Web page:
The event billed as a “kickoff” to the 2018 governor’s race drew four of the top Republican contenders Thursday night with questions remaining about who else might join the race.
While former state economic development director, Randy Boyd, and Franklin businessman, Bill Lee, worked the crowd of 250 donors at Rutherford County’s Reagan Day dinner as the two announced candidates, 6th District Congressional member Diane Black and State Senator Mark Green were there to join in a question-and-answer session about Tennessee’s future.
Green announced for the governor’s seat earlier this year before suspending his campaign while he was considered for Secretary of the Army.
The Montgomery County lawmaker withdrew his name as questions were raised about his comments concerning LGBT and Islam were revealed, but in briefly addressing the issue Thursday, Green called there were “strategic lies” about his record from the left and Democrats.
Green told News 2 he hopes to make a decision about running by Memorial Day.
Rep. Black has long said she has had people approach her about running, but for now she has a job that people sent her to Washington which she listed as “repeal Obamacare, tackle the debt and do tax reform.”
As for running, the congressman added, “I will make my decision about when I complete my job in Washington.”
Many observers behind the scenes expect her to eventually make an announcement that she will run.
Lee had the most visible prop at the event.
His smoky grey, trimmed in orange bus emblazoned with his name, was strategically placed so everyone entering the Reagan Day event at the Stones River Country Club in Murfreesboro could see it.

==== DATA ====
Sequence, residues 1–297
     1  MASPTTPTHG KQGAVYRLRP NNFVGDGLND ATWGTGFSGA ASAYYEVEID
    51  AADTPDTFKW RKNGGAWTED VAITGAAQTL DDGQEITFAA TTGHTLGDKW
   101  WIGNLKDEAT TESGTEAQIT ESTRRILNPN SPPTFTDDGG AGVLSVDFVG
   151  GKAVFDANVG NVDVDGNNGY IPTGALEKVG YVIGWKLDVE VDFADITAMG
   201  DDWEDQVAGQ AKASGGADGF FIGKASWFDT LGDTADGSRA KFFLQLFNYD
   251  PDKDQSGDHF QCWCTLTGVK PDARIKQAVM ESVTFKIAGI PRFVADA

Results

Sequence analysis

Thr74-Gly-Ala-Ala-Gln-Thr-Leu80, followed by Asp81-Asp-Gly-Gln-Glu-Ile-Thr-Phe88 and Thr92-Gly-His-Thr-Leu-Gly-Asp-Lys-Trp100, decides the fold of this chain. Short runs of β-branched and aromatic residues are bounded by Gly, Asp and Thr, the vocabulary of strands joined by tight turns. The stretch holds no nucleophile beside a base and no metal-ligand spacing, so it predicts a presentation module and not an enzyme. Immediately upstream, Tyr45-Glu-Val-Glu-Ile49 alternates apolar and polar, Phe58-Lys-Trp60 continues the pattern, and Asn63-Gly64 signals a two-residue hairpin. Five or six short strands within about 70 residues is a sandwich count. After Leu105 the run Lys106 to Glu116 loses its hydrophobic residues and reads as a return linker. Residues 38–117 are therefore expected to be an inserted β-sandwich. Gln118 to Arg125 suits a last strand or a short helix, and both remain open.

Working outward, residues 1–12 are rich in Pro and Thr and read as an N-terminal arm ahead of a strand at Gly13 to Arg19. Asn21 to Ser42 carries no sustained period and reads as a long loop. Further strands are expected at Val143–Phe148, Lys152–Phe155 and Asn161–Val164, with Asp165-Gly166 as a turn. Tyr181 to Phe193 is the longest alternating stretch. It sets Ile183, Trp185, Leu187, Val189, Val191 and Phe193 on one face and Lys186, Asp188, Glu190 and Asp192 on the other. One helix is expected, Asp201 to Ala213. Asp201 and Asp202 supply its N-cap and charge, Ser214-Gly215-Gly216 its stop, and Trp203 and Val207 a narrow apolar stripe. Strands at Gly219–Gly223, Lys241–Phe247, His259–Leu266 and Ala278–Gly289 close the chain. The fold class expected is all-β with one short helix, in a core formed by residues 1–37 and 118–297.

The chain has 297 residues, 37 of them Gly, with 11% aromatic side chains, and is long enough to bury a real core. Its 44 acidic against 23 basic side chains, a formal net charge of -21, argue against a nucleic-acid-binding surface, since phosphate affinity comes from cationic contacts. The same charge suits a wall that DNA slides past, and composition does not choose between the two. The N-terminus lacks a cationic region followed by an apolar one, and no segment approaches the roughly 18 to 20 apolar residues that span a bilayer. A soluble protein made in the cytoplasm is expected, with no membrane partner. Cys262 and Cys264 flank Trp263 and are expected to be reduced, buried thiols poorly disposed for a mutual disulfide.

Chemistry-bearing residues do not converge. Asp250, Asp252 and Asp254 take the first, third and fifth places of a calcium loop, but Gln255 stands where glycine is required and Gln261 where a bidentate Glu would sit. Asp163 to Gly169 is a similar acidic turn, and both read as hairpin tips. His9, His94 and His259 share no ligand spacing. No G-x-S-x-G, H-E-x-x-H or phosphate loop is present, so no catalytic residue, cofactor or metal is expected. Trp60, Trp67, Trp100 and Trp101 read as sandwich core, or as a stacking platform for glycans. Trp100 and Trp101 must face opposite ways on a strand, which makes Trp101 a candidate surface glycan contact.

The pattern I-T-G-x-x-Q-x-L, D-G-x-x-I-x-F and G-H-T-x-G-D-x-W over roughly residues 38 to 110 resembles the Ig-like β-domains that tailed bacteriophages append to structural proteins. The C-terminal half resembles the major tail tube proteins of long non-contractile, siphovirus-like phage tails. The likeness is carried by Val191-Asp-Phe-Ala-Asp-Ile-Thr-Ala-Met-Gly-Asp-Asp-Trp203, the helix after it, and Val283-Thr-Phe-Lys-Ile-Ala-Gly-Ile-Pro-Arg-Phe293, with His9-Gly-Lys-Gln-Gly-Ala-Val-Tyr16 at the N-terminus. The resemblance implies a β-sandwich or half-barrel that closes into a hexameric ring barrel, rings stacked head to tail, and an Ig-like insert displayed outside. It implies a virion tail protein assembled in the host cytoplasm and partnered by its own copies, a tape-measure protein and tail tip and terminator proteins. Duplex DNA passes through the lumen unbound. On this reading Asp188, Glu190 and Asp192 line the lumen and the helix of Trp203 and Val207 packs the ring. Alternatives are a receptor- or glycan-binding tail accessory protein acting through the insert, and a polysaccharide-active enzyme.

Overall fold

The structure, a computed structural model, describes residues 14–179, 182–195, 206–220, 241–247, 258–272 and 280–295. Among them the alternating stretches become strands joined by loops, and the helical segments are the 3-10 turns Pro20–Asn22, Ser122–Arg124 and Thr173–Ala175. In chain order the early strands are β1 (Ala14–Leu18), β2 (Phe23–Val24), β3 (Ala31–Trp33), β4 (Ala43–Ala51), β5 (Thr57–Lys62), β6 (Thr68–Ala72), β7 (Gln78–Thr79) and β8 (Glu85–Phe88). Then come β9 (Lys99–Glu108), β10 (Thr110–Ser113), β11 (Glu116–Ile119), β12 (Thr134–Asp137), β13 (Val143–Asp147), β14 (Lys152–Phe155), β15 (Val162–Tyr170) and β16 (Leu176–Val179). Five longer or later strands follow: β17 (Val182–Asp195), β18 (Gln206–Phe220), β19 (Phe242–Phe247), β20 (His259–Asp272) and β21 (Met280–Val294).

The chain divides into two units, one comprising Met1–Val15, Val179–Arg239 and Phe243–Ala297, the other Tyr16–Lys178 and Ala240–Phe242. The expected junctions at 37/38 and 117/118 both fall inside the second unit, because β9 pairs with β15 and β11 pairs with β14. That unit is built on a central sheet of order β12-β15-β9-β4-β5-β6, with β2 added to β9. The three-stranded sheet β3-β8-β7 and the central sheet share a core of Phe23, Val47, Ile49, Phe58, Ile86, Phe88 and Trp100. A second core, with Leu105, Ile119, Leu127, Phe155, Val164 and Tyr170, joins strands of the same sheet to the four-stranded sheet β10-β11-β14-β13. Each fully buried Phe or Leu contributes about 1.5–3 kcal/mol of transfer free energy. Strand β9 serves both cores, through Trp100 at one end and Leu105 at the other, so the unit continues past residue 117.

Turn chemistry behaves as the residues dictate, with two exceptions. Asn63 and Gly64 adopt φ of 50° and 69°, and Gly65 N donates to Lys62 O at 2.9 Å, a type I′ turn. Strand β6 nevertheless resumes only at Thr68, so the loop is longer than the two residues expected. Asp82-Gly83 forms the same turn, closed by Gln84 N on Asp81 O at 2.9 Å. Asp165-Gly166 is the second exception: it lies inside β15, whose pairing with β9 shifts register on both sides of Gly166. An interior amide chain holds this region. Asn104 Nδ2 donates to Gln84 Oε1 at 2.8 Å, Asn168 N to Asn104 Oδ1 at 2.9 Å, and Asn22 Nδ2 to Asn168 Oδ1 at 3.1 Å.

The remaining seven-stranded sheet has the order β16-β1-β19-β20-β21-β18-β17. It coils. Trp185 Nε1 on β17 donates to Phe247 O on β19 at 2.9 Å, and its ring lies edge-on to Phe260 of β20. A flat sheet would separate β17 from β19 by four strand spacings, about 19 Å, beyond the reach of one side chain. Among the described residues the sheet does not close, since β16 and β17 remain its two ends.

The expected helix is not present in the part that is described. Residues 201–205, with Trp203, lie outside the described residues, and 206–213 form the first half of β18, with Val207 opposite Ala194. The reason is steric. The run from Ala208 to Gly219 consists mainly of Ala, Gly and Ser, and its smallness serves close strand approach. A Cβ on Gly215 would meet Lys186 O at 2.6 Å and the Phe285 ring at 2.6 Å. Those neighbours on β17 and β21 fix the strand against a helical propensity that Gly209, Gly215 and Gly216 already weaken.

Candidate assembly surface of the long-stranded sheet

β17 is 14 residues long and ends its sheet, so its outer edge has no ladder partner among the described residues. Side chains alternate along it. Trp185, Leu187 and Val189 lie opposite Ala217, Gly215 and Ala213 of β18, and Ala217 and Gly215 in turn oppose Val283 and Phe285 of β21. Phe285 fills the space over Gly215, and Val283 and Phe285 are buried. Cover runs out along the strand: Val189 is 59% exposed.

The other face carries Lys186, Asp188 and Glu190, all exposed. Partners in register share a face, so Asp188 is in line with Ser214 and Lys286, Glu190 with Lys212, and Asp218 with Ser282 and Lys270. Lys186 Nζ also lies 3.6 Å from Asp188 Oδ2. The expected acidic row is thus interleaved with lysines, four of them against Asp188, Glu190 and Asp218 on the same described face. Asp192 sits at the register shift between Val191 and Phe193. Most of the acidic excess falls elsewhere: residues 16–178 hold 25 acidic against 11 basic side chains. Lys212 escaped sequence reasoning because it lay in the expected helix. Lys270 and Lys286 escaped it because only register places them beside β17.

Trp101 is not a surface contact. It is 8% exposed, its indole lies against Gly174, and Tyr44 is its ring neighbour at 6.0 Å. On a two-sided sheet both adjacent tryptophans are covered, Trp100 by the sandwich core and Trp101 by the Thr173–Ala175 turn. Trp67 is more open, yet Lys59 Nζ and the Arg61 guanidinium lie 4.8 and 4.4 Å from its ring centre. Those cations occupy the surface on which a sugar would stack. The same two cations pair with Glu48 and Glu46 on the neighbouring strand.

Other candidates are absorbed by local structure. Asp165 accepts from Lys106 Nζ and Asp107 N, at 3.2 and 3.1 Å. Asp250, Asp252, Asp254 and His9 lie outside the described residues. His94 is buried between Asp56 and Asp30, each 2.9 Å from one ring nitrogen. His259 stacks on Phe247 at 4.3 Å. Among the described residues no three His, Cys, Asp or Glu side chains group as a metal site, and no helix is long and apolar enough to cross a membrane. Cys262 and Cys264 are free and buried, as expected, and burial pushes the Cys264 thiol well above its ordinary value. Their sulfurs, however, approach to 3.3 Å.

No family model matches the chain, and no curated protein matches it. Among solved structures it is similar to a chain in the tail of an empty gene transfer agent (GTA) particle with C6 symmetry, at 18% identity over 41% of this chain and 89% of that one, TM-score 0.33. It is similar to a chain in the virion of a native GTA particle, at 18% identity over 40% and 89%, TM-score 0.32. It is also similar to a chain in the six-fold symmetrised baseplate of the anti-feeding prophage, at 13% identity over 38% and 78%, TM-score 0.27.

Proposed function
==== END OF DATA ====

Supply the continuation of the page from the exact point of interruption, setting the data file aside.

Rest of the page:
Lee told News 2 he has hit 27 of the 95 Tennessee counties in that bus and it’s part of his campaign to hit all the counties in 95 days.
“I thought for 20 years about how to make life better for my 1,100 workers and now I have decided to see what it’s like to make life better for six-and-a-half million people,” he told News 2.
Boyd’s campaign seemed to have someone in every corner of the event with a sticker on simply saying his name.
The Knoxville native recently garnered endorsements from 22 East Tennessee mayors but hopes his message will resonate statewide.
“We are going to talk about our central message which is making Tennessee the state of opportunity, opportunity for education, opportunity for better jobs, opportunity for everyone,” he told News 2.
Three possible candidates who had been scheduled to speak withdrew from the Reagan Day event.
Tennessee House Speaker Beth Harwell had a family emergency, while state senators Mark Norris and Mae Beavers cited last minute conflicts in their districts.
All three are expected to soon make decisions about running.
Courtesy of WKRN News 2